Asthi is a 45-year-old Iraqi woman, married and a mother of four children. With limited career options due to cultural restrictions and domestic constraints, Asthi is one of the many Iraqi woman who is working from home, using her sewing skills to generate some income and participate in meeting the financial needs of her family.
Asthi has 13 years' experience with the small, home-based sewing and tailoring activity, making dresses for women and children as well as household items made of fabric, based on her clients' orders. She would like to improve her little business. One of her priorities is to purchase a good table as a base for the sewing machine which is currently placed on a large plastic cooler and as she works, she sits on the floor beside it. She would also like to buy an embroidery machine to improve her creative offers and buy small furniture items to better organize her work and materials.
To be able to pay for these purchases, Asthi took a loan from Relief International Microfinance Iraq in the amount of 1800 USD.
About Relief International Iraq
Relief International (RI) is a non-profit non-sectarian organization with a multifaceted approach to working in post-conflict, vulnerable and transitional countries. As part of its core mission to bridge emergency relief with long-term development though sustainable, enterprise-oriented solutions, RI directs a broad microfinance portfolio in the Middle East and South Asia. In Iraq, RI microfinance has been providing access to capital for micro, small and medium enterprises since 2006. When lending through RI, there are several points to consider:
1. RI-Iraq offers loans that are customized for borrowers in Iraq, a predominantly Muslim country. A key principle of Islam is the prohibition of charging interest on a loan. This prohibition is based on the belief that money is only a medium of exchange and has no value in itself. In order to offer loans in a manner consistent with borrowers' values, RI-Iraq charges 0% interest on this loan. However, RI-Iraq does charge a servicing fee to cover its costs. The loan amount you see listed on Kiva includes both the principal loan and the loan servicing fees. As with all Kiva loans, you should expect to have your funds returned to you according to this loan’s repayment schedule. For more information on lending in the Muslim world, please click here.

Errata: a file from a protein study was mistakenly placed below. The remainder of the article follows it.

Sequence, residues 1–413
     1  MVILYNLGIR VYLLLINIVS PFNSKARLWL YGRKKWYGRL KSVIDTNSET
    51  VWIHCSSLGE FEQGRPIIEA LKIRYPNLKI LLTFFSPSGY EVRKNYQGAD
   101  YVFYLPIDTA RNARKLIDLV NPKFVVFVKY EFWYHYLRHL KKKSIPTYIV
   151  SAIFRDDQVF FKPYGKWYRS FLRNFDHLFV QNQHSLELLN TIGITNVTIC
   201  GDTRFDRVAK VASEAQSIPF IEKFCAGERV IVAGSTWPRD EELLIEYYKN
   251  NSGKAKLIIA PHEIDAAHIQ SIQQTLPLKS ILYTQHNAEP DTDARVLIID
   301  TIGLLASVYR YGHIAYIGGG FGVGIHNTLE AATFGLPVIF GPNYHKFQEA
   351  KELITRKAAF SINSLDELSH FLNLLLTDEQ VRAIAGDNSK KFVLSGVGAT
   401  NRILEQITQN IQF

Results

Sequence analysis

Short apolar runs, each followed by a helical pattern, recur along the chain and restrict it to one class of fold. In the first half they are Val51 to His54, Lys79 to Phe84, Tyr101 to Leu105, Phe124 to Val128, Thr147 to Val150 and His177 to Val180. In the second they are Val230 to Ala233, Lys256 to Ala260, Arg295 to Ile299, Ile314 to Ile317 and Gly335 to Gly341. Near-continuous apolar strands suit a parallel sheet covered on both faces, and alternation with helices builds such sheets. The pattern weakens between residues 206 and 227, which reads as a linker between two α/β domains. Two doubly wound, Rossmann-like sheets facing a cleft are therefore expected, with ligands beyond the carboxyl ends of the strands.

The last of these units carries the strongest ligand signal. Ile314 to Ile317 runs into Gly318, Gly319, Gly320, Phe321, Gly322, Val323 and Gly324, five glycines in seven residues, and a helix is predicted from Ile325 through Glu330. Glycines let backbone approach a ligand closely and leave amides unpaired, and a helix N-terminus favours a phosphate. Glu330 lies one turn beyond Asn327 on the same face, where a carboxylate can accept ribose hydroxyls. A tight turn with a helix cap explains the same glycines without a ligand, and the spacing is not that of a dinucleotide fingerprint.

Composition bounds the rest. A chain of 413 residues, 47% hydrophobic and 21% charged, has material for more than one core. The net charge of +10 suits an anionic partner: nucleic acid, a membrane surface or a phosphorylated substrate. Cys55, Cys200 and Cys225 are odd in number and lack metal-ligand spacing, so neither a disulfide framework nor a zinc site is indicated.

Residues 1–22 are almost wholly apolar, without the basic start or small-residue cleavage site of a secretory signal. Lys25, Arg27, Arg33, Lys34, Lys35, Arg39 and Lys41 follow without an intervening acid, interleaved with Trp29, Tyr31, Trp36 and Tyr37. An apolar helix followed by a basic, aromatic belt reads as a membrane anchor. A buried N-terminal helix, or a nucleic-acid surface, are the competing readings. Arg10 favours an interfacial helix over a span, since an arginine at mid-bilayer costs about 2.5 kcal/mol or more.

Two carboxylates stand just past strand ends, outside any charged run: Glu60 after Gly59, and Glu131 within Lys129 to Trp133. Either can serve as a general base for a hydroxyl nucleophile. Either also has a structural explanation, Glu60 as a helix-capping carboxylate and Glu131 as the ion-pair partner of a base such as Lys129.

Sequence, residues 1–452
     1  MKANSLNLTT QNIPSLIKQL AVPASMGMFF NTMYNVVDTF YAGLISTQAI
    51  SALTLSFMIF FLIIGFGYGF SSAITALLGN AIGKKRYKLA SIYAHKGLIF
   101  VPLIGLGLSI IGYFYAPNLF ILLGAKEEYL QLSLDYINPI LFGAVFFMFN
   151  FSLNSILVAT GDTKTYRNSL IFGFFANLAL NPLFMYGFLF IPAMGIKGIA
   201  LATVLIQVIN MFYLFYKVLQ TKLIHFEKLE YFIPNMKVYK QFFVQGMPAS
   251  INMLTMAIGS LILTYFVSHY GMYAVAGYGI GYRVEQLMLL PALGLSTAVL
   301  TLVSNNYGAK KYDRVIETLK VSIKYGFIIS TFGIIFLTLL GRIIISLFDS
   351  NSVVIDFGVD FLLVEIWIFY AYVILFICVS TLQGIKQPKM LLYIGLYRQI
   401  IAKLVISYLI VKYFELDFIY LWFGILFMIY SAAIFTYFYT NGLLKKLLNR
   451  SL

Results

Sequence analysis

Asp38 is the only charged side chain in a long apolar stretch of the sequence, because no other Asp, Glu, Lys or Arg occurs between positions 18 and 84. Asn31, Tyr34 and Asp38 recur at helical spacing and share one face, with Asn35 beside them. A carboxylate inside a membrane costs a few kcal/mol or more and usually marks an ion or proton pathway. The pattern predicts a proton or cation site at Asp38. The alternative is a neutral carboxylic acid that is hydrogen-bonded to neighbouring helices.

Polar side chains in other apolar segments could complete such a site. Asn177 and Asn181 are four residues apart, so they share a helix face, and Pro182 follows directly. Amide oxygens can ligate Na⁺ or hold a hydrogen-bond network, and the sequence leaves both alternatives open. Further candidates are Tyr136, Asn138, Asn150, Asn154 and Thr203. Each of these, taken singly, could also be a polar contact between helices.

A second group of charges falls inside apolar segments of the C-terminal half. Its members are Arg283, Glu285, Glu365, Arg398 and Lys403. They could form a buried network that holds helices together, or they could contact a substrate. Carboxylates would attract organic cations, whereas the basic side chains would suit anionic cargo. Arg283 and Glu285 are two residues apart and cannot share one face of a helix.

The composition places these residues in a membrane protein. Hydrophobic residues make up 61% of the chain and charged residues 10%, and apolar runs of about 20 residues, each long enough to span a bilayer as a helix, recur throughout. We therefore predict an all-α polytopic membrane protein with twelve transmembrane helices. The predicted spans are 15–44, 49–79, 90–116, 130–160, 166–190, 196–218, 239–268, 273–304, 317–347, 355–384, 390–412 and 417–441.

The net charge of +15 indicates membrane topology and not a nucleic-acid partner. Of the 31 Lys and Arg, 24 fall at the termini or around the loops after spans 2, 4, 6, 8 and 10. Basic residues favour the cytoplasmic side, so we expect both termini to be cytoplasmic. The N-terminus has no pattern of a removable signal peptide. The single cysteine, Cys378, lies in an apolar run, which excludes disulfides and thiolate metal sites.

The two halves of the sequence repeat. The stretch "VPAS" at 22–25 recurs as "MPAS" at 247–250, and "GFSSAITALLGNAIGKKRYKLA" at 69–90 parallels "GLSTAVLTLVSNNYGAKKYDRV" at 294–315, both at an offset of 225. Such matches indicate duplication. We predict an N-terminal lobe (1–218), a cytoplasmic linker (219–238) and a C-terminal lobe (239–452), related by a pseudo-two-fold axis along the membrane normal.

2. Because of on-going security concerns, due diligence on RI-Iraq was conducted remotely, rather than in-person as is typical with most Kiva Field Partners. RI-Iraq does, however, meet all of the other minimum criteria required by Kiva's full due diligence.
3. One of the challenges of lending to entrepreneurs in Iraq is the increased chance of difficulty transferring funds between the United States, where Kiva is based, and Iraq. While Kiva has been able to send and receive funds to and from Iraq in the past, there is a chance that we may encounter problems doing so in the future. This could result in difficulty repaying loan funds to lenders, even if individual borrowers have paid back their loans. As a lender to borrowers in Iraq, you would be taking on this additional risk.